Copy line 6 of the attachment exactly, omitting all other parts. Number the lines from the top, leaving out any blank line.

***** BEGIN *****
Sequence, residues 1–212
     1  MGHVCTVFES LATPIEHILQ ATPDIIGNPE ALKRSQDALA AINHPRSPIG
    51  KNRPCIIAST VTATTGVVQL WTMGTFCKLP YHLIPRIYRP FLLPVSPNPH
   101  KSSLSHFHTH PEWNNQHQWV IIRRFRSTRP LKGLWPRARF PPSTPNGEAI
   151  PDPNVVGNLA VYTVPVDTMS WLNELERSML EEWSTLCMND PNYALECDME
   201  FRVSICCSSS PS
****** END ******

   201  FRVSICCSSS PS